The seven days spent in the waves of the Mediterranean were tough: a terrible experience, with the fear of food and water becoming increasingly scarce.
He landed in Sicily, where he spent four months in a center together with another 100 children, without being able to go to school and without documents. Thanks to the money sent by some relatives, he fled and reached Turin. His desire was to work, but being a minor he couldn't, and he wanted to have opportunities other than the occupations of his family who were employed in pizzerias, selling kebabs or working as masons.
After a year, he went to the office for foreign minors, and was entrusted to a community outside Turin, where, however, he was denied the opportunity to go to school and learn Italian well.
On going away, after a month with relatives, he finally met the Salesians: he was welcomed at the San Luigi Oratory and found an open community where he could live with other boys from different backgrounds and religions. He was taught Italian and, after obtaining his junior high school diploma, he attended a professional welder course and worked as an intern at a factory.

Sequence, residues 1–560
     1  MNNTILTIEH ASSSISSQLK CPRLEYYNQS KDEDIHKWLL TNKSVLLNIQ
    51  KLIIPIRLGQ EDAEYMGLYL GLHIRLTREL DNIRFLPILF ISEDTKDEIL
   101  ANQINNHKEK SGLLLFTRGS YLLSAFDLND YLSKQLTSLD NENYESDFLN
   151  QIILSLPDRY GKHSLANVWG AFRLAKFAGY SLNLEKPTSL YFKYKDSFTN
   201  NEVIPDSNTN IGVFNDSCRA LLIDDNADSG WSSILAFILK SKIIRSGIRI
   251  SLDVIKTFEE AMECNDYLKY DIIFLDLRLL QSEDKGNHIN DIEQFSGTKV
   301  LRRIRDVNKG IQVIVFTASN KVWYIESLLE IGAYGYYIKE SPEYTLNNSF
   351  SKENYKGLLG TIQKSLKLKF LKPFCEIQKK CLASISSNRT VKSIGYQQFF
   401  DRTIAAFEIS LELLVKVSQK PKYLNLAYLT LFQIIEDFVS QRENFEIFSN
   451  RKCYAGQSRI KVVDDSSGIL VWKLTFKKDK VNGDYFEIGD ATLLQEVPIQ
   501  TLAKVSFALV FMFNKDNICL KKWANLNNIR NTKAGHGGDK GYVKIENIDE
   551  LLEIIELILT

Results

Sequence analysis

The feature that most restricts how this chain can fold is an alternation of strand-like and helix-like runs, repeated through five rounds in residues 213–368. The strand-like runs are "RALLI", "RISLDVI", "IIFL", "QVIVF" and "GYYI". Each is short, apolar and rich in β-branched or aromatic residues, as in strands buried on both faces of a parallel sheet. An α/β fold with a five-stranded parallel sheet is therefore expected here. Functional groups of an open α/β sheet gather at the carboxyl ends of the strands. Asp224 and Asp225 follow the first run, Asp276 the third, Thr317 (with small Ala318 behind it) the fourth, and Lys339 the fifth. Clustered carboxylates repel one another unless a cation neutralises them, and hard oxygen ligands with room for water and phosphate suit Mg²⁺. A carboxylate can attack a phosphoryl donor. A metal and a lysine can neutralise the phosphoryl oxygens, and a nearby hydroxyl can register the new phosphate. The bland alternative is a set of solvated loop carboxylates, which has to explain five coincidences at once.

The Salesians did not leave him alone on his reaching adulthood: now he deals with Egyptian minors at San Luigi, trying to be a big brother to them. "I was just like them and I can understand them, so I want to help them," he says with a smile. He is also looking for work, hoping to put into practise the skills he learned, and to stay in Italy.
This is the story of Ahmed, who after a long period of darkness, has found hope thanks to the Salesians and he has now put himself to the service of helping other Egyptian boys like himself so they might, too, design their own future.